The Life and Works of Thomas Hardy

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“Beauty lay not in the thing, but in what the thing symbolized.” Thomas Hardy believed beyond the physical element of object, their lies a more important symbolic meaning. Thomas Hardy was a renowned transitional poet with a style between classicism and romanticism. He was born in the mid-1800s in Higher Bockhampton, an English village. Hardy’s upbringing contributed greatly to his views on the world around him, in a symbolic manner. His father was a stonemason and a violinist, and his mother encouraged him to follow his passions. Hardy was first married for 38 years to Emma Gifford, who inspired many of his poetic ideas. He later married his secretary Florence Dugdale two years after Emma died. (http://www.universalteacher.org .uk/poetry/hardy.htm#13)

Hardy first trained to be an architect and moved to London to pursue his career choice. After five years, he moved back to his home country in Dorset. ("Thomas Hardy: The Man He Killed.") Thomas Hardy began as a controversial novelist, presenting ideas and beliefs that were counter-cultural. His first two books were not well received. However, Hardy ultimately published numerous novels that became popular literary works: Far from the Madding Crowd, The Return of the Native, The Mayor of Casterbridge. He received enough royalties from these works to discontinue writing books, and he began to write poetry. From 1898 until his death, Hardy published over a thousand poems that were based his experiences. (http://www.universalteacher.org.uk/poetry/hardy.htm#13)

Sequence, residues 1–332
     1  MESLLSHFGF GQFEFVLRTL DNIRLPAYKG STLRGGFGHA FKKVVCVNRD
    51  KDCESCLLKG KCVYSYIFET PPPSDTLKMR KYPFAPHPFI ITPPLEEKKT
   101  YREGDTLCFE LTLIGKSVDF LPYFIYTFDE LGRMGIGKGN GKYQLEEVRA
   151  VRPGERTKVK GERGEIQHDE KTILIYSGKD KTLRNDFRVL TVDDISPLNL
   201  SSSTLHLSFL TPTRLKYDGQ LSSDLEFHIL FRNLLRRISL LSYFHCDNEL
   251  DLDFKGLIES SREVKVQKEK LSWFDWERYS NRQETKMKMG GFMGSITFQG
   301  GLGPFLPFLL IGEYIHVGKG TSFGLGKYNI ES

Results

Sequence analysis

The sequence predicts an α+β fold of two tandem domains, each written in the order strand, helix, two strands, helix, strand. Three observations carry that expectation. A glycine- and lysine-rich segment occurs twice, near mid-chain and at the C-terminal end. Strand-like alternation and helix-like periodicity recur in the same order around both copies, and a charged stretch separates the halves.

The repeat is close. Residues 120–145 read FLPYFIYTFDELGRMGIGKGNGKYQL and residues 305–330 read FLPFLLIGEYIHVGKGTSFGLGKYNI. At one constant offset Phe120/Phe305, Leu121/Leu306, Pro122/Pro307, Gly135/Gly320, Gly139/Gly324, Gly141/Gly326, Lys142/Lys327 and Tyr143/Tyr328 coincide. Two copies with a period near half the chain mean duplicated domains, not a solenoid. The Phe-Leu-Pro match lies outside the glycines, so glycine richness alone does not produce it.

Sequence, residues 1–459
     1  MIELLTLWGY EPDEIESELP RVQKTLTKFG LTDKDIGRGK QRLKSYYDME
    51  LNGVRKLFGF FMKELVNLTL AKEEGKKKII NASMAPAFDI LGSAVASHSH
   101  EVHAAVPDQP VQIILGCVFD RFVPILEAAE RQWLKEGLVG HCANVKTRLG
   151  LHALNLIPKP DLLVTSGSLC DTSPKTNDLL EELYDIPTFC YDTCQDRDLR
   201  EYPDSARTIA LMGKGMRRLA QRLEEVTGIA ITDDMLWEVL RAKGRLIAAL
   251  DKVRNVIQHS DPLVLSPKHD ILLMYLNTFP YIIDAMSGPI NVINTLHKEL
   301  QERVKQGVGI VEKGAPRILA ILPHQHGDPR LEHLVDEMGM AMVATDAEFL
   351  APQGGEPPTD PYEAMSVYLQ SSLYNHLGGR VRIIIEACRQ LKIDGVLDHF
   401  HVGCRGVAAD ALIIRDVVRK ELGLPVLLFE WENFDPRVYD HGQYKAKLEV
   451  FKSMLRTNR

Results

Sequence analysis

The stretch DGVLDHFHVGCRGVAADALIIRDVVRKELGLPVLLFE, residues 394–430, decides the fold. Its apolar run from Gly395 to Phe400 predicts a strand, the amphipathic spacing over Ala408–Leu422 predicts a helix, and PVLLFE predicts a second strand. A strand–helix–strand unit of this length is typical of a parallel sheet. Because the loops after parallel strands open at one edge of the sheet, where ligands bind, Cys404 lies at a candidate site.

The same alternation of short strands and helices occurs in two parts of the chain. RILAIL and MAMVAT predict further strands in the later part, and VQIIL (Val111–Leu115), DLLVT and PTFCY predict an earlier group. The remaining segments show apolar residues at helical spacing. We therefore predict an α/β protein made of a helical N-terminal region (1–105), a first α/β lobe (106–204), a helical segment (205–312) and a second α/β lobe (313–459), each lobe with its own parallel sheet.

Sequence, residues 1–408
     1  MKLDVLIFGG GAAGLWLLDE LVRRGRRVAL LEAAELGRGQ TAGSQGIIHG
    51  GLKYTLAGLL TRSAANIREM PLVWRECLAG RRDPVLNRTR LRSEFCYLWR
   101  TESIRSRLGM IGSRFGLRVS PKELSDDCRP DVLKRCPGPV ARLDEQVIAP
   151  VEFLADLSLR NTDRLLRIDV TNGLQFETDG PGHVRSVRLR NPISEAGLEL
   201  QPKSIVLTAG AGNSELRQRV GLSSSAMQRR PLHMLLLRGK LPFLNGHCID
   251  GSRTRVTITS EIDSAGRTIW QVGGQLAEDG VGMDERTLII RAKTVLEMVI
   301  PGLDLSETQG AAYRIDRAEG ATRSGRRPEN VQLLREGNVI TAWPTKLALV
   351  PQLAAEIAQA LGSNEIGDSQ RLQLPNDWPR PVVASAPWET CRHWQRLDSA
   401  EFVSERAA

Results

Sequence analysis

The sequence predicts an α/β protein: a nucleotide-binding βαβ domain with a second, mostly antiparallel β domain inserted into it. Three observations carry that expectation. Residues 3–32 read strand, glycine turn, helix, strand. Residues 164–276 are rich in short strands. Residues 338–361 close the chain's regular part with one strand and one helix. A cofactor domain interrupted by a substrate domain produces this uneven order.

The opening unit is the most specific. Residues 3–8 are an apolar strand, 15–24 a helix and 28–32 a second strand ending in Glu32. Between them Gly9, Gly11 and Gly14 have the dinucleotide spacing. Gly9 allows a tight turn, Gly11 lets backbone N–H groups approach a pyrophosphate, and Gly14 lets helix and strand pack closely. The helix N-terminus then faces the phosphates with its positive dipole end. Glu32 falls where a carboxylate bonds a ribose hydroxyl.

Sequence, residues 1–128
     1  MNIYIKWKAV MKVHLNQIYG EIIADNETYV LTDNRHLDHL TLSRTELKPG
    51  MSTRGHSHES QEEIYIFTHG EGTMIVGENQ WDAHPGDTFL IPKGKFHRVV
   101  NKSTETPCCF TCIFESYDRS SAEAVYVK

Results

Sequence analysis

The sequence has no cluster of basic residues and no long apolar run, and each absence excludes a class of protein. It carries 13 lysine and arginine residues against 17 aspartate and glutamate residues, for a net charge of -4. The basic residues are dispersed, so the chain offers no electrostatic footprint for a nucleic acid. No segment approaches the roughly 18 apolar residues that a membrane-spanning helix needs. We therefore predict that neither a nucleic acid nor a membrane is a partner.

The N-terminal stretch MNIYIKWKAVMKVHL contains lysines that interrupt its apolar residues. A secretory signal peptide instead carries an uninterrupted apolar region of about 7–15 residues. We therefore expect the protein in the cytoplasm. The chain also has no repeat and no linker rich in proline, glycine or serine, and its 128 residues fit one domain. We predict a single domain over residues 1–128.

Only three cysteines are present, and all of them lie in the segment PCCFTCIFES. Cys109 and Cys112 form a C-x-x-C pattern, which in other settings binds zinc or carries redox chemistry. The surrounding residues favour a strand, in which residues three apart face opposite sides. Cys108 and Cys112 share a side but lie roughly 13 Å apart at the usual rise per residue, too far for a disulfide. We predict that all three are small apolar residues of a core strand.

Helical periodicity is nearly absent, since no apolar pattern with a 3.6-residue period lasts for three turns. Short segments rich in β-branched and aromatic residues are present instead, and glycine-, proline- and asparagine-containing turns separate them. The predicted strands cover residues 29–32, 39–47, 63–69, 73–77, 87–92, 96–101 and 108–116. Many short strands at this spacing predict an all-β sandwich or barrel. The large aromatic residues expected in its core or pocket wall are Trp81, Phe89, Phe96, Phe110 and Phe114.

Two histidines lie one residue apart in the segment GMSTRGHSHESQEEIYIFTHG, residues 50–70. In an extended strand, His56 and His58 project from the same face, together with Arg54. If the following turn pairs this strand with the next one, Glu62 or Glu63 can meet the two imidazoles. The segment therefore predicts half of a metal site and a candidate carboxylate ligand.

Thesis: Thomas Hardy’s experiences impacted his writing and now impacts our modern world…. By analyzing three different poems blah blah blah

The Man He Killed

The poem “The Man He Killed” was written in 1902 after the Boer ...

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...s increased during the course of the century, offering an alternative—more down-to-earth, less rhetorical—to the more mystical and aristocratic precedent of Yeats.”

Works Cited

"Thomas Hardy: The Man He Killed." BBC News. BBC, June 2008. Web. 25 Mar. 2014.

http://www.bbc.co.uk/schools/gcsebitesize/english_literature/poetry_ocr/reflections/themanhekilled/revision/1/

Gibson, James. "Thomas Hardy." Poetry Foundation. Poetry Foundation, 2001. Web. 30 Mar. 2014 http://www.poetryfoundation.org/bio/thomas-hardy

Hardy, Thomas. "The Man He Killed." Literature: Reading Fiction, Poetry, and Drama. Ed. Robert DiYanni. 6th ed. New York: McGraw Hill, 2008. 813-814 http://sjdetoma-themanhekilled.blogspot.com/

Moore, Andrew. "Thomas Hardy." Andrew Moore's Resource. Teachit.co.uk, May 2005. Web. 01 Apr. http://www.universalteacher.org.uk/poetry/hardy.htm#13

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